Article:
The plaintiffs in this case market products such as “tofurky,” “vegetarian ham roast,” and “vegan jerky.” In 2018, the Missouri Legislature amended its meat advertising regulation to criminalize plant-based and lab-grown meats from being misrepresented as a meat. See Mo. Rev. Stat. § 265.494(7). The plaintiffs brought this lawsuit challenging the constitutionality of the new statute, as it applied to them, and asked for a preliminary injunction. The district court denied the request finding that the plaintiffs’ marketing clearly indicated that the products do not contain meat; therefore, the statute did not prohibit their speech and the plaintiffs were not likely to succeed on their First Amendment claim.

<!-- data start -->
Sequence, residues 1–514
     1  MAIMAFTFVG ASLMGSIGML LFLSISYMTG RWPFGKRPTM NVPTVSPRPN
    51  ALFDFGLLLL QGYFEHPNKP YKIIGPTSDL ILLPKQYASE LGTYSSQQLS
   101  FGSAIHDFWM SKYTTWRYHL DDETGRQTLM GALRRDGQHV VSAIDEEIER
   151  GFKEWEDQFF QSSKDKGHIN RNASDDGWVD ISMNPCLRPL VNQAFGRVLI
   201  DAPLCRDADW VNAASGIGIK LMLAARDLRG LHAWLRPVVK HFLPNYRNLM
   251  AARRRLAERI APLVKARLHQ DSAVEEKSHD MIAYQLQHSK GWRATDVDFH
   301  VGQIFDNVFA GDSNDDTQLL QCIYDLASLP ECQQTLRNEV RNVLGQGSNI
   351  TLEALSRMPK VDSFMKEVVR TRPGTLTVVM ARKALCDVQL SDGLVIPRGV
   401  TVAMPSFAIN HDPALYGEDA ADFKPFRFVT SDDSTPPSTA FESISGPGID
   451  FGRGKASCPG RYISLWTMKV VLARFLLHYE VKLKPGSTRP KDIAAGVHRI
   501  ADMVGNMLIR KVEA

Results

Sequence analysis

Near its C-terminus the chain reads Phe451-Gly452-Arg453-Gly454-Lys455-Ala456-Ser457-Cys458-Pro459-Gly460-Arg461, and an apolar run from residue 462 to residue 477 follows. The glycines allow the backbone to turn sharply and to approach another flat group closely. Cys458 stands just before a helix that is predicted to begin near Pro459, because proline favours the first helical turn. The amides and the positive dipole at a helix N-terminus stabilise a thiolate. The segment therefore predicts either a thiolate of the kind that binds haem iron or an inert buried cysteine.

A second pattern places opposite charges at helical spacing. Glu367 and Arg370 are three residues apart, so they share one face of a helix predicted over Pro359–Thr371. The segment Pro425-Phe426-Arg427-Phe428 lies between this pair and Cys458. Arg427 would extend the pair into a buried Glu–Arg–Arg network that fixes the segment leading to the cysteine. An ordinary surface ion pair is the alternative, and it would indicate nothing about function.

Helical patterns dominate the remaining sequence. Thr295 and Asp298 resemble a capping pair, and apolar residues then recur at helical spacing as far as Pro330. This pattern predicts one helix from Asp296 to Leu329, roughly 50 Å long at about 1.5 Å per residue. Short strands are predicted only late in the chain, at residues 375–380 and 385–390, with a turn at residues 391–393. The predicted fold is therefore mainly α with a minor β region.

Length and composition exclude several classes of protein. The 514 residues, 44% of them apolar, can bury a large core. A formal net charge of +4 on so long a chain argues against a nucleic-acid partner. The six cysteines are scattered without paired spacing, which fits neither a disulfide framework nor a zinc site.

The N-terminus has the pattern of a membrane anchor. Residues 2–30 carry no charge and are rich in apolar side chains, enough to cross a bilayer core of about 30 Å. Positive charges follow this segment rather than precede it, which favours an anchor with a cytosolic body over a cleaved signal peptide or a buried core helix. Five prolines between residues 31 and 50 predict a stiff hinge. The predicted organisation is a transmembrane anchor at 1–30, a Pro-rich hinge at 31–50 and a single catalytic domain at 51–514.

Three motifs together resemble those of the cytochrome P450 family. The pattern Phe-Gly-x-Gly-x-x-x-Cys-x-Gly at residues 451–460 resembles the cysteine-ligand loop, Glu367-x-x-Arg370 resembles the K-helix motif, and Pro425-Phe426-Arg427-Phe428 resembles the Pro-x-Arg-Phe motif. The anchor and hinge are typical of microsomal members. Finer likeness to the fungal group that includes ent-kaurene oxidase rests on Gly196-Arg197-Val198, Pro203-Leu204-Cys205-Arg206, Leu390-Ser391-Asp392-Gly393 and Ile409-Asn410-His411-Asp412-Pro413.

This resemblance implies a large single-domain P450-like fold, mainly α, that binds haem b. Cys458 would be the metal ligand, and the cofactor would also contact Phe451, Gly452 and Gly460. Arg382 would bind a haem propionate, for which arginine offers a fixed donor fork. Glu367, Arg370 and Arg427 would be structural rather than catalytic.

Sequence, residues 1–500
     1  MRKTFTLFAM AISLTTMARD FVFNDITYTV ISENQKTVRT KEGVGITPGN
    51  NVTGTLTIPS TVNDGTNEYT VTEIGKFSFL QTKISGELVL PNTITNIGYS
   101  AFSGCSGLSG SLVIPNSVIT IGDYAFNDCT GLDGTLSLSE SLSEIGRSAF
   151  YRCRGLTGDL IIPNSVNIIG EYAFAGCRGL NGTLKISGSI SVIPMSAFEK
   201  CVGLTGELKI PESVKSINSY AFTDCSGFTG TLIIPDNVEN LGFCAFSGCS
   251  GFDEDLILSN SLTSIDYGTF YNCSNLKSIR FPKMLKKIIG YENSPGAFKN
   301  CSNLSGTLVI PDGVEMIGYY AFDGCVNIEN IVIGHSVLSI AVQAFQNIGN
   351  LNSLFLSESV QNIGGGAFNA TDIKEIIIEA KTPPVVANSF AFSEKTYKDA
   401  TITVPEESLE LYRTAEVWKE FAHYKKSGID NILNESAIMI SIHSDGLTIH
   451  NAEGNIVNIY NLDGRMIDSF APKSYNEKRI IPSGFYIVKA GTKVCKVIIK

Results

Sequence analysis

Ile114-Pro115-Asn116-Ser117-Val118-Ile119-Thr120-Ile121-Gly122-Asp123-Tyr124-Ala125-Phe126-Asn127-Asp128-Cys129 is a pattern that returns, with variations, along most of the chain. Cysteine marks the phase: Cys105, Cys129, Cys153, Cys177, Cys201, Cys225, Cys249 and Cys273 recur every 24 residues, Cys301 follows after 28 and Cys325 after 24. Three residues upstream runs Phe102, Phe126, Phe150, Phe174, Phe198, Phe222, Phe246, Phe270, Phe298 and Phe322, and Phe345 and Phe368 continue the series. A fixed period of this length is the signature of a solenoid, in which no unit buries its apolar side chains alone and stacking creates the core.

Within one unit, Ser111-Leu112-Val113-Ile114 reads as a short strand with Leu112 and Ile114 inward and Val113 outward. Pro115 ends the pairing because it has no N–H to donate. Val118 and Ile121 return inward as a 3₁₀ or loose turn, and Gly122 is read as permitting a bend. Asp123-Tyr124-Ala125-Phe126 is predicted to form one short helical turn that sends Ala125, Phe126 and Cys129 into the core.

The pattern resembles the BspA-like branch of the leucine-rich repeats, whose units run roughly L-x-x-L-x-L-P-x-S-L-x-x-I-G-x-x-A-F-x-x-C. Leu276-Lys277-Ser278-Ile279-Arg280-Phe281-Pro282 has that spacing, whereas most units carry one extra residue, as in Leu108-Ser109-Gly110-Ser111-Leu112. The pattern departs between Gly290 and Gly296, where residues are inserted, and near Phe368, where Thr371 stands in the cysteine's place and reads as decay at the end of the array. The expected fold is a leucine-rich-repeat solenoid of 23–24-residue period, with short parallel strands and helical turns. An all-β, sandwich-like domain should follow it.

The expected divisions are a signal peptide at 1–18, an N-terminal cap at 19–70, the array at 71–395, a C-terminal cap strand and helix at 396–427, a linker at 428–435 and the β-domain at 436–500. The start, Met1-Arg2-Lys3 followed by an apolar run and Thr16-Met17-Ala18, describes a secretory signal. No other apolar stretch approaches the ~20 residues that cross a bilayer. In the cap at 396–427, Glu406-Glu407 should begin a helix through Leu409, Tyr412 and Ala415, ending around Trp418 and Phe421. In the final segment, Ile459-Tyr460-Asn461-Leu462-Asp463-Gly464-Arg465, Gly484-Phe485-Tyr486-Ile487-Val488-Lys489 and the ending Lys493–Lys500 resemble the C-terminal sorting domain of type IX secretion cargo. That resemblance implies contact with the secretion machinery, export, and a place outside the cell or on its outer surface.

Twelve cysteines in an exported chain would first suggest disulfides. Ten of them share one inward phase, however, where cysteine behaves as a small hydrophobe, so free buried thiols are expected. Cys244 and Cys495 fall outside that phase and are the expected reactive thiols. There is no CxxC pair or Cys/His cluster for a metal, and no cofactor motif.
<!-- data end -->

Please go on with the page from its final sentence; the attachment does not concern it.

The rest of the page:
On appeal, the plaintiffs claimed the district court applied the wrong legal standard and too narrowly interpreted the statute. After determining that the commercial speech standard applied to the plaintiffs’ claim, the Eighth Circuit next considered whether the plaintiffs’ products misrepresented meat and was therefore prohibited by the statute. The Missouri Department of Agriculture had issued guidance explaining that the new law did not prohibit packages which both contained a prominent disclosures that the product is “plant-based” and “made from plants” because the product did not misrepresent meat. The State did not claim that the plaintiffs’ products misrepresented meat. Additionally, the plaintiffs claimed that their products are “clearly labeled as plant based, vegan, or vegetarian.” Because it was unlikely the statute would be applied to their speech, the plaintiffs are unlikely to succeed on their merits of their as-applied First Amendment Claim. Therefore, the court affirmed the district court’s ruling denying the preliminary injunction.

Turtle Island Foods_v. Thompson, 2021 WL 1165406 (8th Cir. March 29, 2021).